Man, people are ignorant when they make comments to strangers. (Please think twice before uttering words like that to any mama you come across!)
At 39 weeks, 4 days pregnant, my mom and I sat in Eisley's nursery sorting through newborn clothing. She sat on my nursing chair, and I on the exercise ball. She looked me in the eye and asked how I was doing. I broke down sobbing to her. I was able to express exactly where my heart was. Like I was supposed to be brimming with excitement and anticipation of this third little girl. But I wasn't. I was sad. I was scared. I was unsure I could actually love this little, unplanned girl. It felt good to be able to verbalize my unfiltered emotions.
Monday, November 7th, I went to bed with so much anxiety and uncertainty coursing through my veins. I was scheduled for an induction the following morning at 7:30am. I awoke the next morning, my mom had prepared a breakfast of hot oatmeal. As I sat eating my breakfast, I just prayed and prayed that the day would be filled with Jesus. I felt oddly numb and void of too much emotion. It felt other-worldly.
We drove to the hospital, checked in, and got situated in our room. I had a mild induction form that was given me in small doses so as to allow things to happen as naturally as possible. I was given one round and instructed to walk around the hospital for an hour before returning for the second dose. We walked and walked, praying the entire time.
As I recount the day, it was nothing short of a miracle. A dream of sorts. We diffused peace & calming in our room, had the lights dimmed, and played Hillsong's Of Dirt & Grace album on repeat. The day progressed, slowly but surely. My mom came to join us in the hospital room when we knew I was admitted, and not being sent home without a baby.
As the all-too-familiar feeling of contractions ramped up and flooded over me, I did something that caused me to swallow a lot of pride: I asked for an epidural. It went in such stark contrast to my first two labors but it was something I wanted. Matt was actually so taken aback by my request that he spent a solid 15 minutes grilling our nurse about them (all while I was contracting away mind you). That epidural did exactly what I hoped it would do: it allowed me time to peacefully labor and continue to digest what was happening, slowly but surely.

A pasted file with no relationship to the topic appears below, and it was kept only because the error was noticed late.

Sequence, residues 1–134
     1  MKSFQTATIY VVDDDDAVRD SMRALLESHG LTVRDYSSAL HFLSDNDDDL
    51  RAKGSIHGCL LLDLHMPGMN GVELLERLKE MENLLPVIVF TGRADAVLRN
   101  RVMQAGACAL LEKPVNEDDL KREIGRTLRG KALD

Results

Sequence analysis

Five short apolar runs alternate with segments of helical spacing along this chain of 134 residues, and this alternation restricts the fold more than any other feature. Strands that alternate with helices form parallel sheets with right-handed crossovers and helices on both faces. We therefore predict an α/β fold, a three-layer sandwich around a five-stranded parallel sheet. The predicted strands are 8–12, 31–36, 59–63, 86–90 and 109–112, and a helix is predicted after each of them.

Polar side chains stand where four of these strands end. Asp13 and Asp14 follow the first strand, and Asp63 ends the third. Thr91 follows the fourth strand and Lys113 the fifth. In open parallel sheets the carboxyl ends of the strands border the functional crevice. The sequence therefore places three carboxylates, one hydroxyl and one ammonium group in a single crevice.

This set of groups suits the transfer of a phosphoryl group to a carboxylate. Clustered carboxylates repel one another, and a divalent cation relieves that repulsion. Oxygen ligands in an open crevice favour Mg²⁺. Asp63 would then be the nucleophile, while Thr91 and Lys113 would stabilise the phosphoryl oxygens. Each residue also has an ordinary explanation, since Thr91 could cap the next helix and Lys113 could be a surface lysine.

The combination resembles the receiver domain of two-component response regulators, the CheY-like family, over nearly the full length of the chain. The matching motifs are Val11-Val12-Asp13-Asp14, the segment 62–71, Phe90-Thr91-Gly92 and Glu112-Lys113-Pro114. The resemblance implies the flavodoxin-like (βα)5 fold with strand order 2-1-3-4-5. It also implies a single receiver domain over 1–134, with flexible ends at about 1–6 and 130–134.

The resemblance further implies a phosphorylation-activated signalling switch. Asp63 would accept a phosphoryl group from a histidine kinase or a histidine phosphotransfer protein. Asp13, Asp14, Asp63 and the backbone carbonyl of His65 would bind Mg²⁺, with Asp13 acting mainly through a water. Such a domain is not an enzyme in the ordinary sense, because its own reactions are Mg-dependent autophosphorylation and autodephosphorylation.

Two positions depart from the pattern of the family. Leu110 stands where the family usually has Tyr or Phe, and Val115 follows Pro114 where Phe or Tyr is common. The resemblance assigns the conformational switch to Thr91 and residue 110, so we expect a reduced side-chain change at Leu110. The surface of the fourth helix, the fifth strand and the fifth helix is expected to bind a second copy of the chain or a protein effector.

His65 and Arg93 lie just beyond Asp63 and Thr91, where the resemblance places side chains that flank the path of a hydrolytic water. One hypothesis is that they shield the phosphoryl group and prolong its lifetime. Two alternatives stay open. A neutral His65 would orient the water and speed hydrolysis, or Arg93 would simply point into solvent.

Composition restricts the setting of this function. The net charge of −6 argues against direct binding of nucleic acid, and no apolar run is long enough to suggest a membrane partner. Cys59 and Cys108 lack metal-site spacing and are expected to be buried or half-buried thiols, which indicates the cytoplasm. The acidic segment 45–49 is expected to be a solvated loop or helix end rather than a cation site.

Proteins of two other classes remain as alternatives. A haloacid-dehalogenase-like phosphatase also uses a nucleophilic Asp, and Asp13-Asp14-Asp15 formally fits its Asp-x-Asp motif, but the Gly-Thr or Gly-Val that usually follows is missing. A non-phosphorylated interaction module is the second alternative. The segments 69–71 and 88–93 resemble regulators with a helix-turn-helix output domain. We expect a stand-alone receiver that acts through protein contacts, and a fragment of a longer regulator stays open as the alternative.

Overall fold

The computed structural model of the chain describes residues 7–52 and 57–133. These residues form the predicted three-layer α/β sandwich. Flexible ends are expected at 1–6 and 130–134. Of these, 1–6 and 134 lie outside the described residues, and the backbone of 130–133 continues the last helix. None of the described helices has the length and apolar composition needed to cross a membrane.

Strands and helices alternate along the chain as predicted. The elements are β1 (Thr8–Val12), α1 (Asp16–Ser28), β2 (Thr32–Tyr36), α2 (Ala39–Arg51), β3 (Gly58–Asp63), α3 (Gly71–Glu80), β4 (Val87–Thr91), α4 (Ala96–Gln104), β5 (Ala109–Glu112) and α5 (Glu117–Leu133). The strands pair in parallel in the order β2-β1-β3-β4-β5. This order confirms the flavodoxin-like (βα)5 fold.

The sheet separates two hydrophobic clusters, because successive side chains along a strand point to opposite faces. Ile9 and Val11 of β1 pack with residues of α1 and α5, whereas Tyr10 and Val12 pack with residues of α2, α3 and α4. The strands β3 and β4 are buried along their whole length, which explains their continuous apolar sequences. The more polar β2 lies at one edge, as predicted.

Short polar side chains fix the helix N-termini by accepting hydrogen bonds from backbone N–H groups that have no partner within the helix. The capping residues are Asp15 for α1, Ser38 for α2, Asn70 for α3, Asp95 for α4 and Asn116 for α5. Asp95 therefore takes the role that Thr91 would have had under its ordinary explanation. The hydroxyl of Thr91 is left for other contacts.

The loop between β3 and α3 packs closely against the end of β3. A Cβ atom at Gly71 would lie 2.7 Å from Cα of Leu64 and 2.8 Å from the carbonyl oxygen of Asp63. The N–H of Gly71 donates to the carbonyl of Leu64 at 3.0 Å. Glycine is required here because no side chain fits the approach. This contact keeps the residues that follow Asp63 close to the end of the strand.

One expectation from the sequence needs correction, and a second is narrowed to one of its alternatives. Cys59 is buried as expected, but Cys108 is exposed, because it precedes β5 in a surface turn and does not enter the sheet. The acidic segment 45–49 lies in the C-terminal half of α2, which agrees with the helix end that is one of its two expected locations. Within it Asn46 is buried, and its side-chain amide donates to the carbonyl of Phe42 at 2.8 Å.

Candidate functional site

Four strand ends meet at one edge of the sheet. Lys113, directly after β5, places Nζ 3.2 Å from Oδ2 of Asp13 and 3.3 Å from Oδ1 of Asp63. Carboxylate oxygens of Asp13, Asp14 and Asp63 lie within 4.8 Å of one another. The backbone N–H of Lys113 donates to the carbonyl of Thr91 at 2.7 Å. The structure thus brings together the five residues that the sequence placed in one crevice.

The second the words, "You are cleared to push" uttered my midwife's mouth...I began to sob. Like deep, belly sobs from the depths of my soul. So much so that the nurse asked me if I was okay. I couldn't compose myself but just kept uttering the words, "I LOVE HER! I LOVE HER!!! I LOVE HER!!!!"
In an instant, I pulled Eisley Caroline up on to my chest and God did what only He can do: He melted my heart. He showered me with so much love for this tiny person I just met but somehow my life wasn't complete without. And I just sobbed and sobbed.
A few weeks later, at my best friend's baby shower, I found myself talking to an old friend I hadn't seen since before we were both married. She made a small comment, something to the effect, "Your life just appears to be so great! Your girls are all so cute and you just seem so happy!"
Let me be clear: I am so happy. I am so grateful. I wouldn't change a second of my life for anything.
But my heart sunk. Because our lives are all so beautiful and happy and squeaky clean in the snapshot of social media. And I don't want anyone to think for a second that my life is met without hardship. The second she said that, I knew I had to write this post. Because I want to give voice to the hurts of my heart in hopes that it allows someone else the freedom to feel the hurt of their heart. And know that they're not alone.
These last few months I have clung to this tiny girl in disbelief that there was ever a day I didn't love her. I look down at her in tears all the time at the guilt I feel and will probably battle it for awhile.
This morning, Eisley vomited all over me. Like ALL over me. So I had to strip her down and give her a bath...in that bath seat that started it all. And I was overwhelmed with the journey of the last 365 days.